To hear the legions of Drake fans tell it, despite not having a full body of original work, he's an artist whose records can without question carry an entire show…and then some. It's those fans and that body of work that have well-known artists hopping on the Drake gravy train before it runs dry. And who can blame them? They can feel the tide changing, so instead of being washed ashore, artists like Jamie Foxx and Mary J. Blige—and even Kanye and Jay-Z, hip-hop's shrewdest trend forecasters—chose to sign up before the Drake movement moved without them. Not to say Drake is going to eclipse 'Ye or Jay, but when the younger audience is spending the money in today's here-this-morning-gone-this-afternoon culture, it's better to be safe than sorry. However, in order to play nice with everyone…well, you gotta play nice with everyone. Except maybe your fellow rookies.The first time we ever spoke, you said that you were more in tune with R&B artists than the current new guys rapping.
Drake: When you're coming up, and you're in competition with somebody, it's always hard to have a friendship. I think Cudi and I are realizing that we don't threaten each other. It's ended up being one of the greatest industry friendships I have.
Around the time that Kanye directed "Best I Ever Had," it seemed like there was strife between your camp and Cudi's camp because Kanye was so enamored of you while Cudi's project was being worked on.
Drake: I wasn't aware of that. Even so, I could understand. If Wayne were to be enamored—which is a great word—of another young artist, I would be like, "Damn, I'm here too!" But at the same time, it happens in more than one situation. It happens with 'Ye, and I have a great relationship with Jay, and Jay's got Wale and J. Cole, who's one of my favorite dudes rapping right now. I've happened to have had more success. I made the most money, I have number-one records, those guys don't have that shit. And it's just facts, it's not even my feelings or that I feel I'm more talented. That's what the game is about, making great music that earns profit. When it comes to my relationship with the new dudes, I'm just excited for them. I get to sit back in a cool position and be like, "Yo, I'm excited to see you do it now because I know what it's like, it's gonna be so much fun for you…"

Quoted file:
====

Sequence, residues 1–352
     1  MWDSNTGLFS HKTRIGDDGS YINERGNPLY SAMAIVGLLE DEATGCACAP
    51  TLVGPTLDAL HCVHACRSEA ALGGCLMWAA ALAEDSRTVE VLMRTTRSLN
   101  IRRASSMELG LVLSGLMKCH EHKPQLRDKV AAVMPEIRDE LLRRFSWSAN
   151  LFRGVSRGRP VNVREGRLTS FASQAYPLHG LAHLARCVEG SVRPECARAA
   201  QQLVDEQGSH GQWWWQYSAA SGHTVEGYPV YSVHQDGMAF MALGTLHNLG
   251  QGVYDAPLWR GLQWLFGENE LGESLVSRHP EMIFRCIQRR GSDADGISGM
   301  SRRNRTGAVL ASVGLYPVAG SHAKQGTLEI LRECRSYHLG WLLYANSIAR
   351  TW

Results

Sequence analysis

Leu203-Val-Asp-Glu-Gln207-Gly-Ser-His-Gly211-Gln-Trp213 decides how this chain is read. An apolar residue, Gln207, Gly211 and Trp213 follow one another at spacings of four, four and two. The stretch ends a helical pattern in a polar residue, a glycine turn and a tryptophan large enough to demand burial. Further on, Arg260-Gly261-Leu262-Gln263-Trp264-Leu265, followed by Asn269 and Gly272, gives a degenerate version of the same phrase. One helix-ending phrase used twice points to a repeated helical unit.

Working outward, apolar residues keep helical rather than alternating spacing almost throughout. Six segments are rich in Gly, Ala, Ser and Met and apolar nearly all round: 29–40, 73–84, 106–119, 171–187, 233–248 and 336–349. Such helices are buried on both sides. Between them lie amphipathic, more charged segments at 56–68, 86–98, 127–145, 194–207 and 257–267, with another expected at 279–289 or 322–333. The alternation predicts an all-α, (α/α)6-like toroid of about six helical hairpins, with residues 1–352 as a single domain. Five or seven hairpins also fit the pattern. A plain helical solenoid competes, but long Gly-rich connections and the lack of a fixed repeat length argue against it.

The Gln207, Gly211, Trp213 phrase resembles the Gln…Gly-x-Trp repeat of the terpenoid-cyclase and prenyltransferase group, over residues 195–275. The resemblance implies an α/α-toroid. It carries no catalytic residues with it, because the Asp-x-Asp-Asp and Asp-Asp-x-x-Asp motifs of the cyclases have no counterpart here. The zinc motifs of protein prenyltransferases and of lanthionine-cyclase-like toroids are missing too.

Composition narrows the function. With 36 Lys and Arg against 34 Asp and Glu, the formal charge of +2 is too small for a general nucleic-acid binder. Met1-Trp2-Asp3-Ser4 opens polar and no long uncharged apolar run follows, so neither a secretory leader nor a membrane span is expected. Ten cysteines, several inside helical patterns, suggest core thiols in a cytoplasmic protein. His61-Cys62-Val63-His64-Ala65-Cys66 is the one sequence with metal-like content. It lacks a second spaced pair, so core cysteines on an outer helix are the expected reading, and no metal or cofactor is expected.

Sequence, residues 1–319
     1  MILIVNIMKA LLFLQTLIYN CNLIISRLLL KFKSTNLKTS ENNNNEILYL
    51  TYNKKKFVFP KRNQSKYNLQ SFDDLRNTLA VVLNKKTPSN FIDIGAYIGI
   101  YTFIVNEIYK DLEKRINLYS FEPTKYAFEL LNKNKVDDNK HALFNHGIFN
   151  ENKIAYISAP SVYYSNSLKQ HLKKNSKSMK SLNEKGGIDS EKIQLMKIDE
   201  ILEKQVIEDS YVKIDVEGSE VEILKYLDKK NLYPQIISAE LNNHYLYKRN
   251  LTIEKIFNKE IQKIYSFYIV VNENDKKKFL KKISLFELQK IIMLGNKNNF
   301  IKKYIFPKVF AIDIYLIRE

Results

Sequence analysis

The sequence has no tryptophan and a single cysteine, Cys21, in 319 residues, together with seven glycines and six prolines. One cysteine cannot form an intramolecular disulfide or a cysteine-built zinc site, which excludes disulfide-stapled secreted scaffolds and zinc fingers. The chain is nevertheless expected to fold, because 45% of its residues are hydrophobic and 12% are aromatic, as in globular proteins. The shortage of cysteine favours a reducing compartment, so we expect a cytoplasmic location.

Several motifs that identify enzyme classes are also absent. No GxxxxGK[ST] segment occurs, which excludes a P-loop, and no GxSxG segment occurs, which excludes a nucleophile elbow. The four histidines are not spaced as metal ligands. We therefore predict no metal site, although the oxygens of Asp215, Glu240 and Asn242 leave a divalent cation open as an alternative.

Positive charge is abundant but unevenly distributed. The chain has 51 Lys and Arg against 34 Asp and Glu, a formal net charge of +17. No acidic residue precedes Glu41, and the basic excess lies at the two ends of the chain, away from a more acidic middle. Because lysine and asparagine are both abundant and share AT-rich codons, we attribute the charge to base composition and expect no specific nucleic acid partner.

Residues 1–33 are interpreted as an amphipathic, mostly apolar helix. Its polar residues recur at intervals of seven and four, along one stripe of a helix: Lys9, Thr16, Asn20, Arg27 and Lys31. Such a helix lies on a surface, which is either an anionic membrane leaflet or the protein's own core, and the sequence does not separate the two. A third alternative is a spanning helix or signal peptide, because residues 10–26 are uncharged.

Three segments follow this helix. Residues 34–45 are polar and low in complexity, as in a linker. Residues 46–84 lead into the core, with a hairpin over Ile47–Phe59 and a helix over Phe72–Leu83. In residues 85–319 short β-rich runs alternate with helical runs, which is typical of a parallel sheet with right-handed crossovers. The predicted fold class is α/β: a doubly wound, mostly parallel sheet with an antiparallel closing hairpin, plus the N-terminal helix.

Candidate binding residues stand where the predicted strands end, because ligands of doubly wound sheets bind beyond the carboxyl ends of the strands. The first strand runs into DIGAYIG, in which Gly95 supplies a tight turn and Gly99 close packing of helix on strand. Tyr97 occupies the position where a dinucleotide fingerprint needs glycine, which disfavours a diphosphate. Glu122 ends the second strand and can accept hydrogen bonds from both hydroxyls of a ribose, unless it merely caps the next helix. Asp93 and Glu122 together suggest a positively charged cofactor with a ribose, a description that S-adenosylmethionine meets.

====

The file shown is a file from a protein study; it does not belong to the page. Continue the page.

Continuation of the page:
You feel like you're at the finish line?
Drake: I'm at the starting line. Those guys are at home, putting on their tracksuits, getting ready to make their attack. When J. Cole gets it super-right, I think he's gonna have a place as a Nas-type character who really stands for hip-hop, but still makes ill records that everybody fucks with.
If J. Cole is Nas, then who are you?
Drake: [Laughs.] I'm the young big homie!
Of all your contemporaries, it seems like you want to be famous the most.
Drake: That's gonna change. When Cole's sound is the new sound that everybody wants to hear, he's gonna be like, "I wanna be as big as possible with this shit." I didn't jeopardize anything to be in the position I'm in. You're listening to the shit that I believe in, not some shit I did because I needed to get here. People just happen to embrace my shit. That's very rare—but I also think the younger generation appreciates that brand of music, so I think it's possible for one of these guys to emerge and do exactly what I'm doing.